“The whole culture is telling you to hurry, while the art tells you to take your time.”
It was my pleasure recently to be interviewed by Jocelyn Glei for her podcast, Hurry Slowly. We talked about analog vs. digital tools, how space affects your work, working by hand, and slowing down. You can listen to our conversation here.
“Hurry slowly” has its roots in an old Latin phrase: “Festina Lente,” or “Make haste slowly,” or “more haste, less speed.” (See: The Tortoise and The Hare.)
Here’s Robin Sloan, author of Mr. Penumbra’s 24-Hour Bookstore, on the phrase:
Festina lente should totally be a model for our age. I came across it just reading about the early days of printing and Aldus Manutius—the great printer who of course figures in the plot of my book. It’s his motto. I’m sure that you could translate it different ways—but the one I liked best is “make haste slowly.” And I just love it cuz it seems like a contradiction, but in fact it’s exactly right. It seems to fit our time really well, but I stole it from a guy 500 years old. Oh wait, maybe this isn’t new, maybe this is not a new feeling.
Here’s Erasmus in his Adagia, 500 years before Sloan:
[Festina Lente] ought to be carved on columns. It ought to be written on the archways of churches, and indeed in letters of gold. It ought to be painted on the gates of great men’s palaces, engraved on the rings of cardinals and primates, and chased on the scepters of kings. To go further, it ought to be seen on all monuments everywhere, published abroad and multiplied so that everyone will know it and it will be before every mortal eye, and there will be no one who doesn’t hold it of greatest use…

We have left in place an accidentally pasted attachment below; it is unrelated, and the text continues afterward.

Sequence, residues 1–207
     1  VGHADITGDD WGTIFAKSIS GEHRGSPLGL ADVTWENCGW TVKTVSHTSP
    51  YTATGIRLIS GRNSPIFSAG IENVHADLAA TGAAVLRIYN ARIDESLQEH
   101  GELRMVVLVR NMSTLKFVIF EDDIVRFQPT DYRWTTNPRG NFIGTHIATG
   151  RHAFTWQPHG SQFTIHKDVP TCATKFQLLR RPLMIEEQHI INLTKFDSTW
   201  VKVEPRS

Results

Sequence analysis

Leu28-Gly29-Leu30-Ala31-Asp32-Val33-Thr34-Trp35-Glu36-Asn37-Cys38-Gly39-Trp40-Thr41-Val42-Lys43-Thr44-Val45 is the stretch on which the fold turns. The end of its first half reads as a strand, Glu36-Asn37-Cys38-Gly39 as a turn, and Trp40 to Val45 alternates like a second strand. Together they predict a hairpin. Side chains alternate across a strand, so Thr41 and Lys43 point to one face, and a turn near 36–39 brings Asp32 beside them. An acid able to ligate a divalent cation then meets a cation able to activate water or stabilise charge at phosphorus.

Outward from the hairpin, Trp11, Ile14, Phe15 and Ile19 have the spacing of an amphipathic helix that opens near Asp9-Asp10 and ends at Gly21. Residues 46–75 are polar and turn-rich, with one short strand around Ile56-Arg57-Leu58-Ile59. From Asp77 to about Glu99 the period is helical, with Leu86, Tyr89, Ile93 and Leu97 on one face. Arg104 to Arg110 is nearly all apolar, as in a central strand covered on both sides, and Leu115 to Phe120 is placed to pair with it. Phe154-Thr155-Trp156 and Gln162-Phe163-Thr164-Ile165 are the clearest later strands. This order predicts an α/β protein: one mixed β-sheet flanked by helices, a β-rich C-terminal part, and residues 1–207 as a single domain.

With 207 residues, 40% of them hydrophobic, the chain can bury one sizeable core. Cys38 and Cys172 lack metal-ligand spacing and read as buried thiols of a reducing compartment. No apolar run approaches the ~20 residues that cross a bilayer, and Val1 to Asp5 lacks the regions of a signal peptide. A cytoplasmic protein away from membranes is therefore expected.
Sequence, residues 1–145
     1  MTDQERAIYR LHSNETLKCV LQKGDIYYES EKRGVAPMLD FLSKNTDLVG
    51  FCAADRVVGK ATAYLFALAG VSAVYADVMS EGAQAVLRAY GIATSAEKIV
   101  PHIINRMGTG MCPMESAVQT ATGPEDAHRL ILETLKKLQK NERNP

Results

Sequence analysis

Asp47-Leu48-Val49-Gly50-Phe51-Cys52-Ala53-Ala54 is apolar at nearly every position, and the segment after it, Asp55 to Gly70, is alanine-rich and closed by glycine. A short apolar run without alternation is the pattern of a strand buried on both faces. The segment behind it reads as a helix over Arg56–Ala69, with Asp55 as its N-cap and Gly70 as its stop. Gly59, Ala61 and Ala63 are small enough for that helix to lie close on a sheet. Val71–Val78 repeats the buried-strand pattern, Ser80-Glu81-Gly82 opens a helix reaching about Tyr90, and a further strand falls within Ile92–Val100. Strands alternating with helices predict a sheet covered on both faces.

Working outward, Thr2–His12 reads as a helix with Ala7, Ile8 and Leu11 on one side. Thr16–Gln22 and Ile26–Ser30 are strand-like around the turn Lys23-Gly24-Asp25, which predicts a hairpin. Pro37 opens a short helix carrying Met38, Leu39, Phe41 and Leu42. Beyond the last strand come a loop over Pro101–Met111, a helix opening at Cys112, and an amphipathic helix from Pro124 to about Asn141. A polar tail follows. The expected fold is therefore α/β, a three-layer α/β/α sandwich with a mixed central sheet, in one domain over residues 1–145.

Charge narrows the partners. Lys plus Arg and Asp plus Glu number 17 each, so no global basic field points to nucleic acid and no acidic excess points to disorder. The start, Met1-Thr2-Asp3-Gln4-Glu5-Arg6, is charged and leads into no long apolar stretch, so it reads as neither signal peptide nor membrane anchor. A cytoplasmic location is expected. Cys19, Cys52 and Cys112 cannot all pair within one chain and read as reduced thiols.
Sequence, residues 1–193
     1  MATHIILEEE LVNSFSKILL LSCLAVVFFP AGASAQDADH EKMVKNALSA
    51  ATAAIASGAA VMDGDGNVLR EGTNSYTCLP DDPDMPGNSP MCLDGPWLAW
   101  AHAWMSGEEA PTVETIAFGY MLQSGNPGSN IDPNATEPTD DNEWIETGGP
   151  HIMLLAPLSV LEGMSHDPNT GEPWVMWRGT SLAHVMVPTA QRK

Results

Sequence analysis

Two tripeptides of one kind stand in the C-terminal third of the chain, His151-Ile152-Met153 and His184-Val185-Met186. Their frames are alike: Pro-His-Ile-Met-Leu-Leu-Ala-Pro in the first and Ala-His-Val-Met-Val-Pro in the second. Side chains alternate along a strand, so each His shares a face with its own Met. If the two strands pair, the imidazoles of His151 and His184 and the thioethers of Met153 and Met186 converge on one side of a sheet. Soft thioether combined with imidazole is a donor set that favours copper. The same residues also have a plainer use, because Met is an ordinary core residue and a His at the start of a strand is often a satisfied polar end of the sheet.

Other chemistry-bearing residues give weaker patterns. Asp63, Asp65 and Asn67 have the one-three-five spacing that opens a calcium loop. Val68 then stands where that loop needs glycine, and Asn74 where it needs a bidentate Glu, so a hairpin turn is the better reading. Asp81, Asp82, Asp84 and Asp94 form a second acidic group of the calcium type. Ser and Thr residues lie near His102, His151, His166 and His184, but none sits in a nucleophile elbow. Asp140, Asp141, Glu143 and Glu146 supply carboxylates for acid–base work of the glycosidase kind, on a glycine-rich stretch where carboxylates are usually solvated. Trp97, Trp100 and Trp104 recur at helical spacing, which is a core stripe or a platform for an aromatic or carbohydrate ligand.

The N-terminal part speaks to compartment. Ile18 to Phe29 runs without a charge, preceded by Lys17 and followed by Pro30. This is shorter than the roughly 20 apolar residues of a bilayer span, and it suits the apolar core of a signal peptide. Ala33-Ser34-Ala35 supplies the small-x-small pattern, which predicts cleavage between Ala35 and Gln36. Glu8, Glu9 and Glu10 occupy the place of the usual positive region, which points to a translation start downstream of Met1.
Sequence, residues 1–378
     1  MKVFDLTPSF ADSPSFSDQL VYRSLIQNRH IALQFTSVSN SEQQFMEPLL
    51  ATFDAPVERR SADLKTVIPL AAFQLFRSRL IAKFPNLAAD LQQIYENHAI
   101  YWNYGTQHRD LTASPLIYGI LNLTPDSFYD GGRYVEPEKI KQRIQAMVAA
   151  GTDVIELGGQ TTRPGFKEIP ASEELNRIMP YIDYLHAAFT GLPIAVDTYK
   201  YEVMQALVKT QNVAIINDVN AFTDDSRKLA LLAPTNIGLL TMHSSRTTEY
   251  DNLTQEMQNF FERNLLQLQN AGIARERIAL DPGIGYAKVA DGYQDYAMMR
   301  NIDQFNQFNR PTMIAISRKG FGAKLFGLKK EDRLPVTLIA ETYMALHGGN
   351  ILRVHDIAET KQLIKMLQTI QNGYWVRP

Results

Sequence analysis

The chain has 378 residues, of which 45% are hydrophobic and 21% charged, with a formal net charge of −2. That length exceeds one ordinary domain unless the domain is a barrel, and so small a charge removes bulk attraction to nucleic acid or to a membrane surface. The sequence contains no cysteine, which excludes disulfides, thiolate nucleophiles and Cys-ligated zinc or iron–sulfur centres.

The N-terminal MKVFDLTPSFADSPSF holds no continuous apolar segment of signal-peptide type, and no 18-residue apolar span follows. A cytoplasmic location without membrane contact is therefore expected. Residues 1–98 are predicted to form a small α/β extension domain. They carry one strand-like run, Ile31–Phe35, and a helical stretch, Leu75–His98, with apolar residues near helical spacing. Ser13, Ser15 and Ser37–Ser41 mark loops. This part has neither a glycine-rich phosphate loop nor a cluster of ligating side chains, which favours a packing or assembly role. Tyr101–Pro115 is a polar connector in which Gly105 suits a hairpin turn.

Later, Erasmus writes, “Things that ripen prematurely are wont suddenly to go limp. What grows slowly and steadily can endure.” Echoing Erasmus, about 360 years later, is Henry David Thoreau, in his journal entry for November 5, 1860:
I am struck by the fact that the more slowly trees grow at first, the sounder they are at the core, and I think that the same is true of human beings. We do not wish to see children precocious, making great strides in their early years like sprouts, producing a soft and perishable timber, but better if they expand slowly at first, as if contending with difficulties, and so are solidified and perfected.
“Let’s slow down,” Steinbeck wrote in his journal while working on The Grapes of Wrath, “not in pace or wordage but in nerves.”
Some of my favorite writers use older technologies to force themselves to slow down: Lynda Barry used a paintbrush and red ink on legal paper to write the first draft of her manuscript for Cruddy. This page hangs in my bedroom:
“People say, But with a computer you could go so much faster,” says David McCullough. “Well, I don’t want to go faster. If anything, I should go slower.”
“The real issue with speed,” writes film editor Walter Murch in his book, In The Blink of an Eye, “Is not just how fast can you go, but where are you going so fast? It doesn’t help to arrive quickly if you wind up in the wrong place.”
Finally, here is one of my favorite works by Corita Kent, which she sent to LBJ in 1963 “after reading that his wife Ladybird had been telling him to slow down.”
Top image: my friend Marty’s back yard — photo taken in 2010.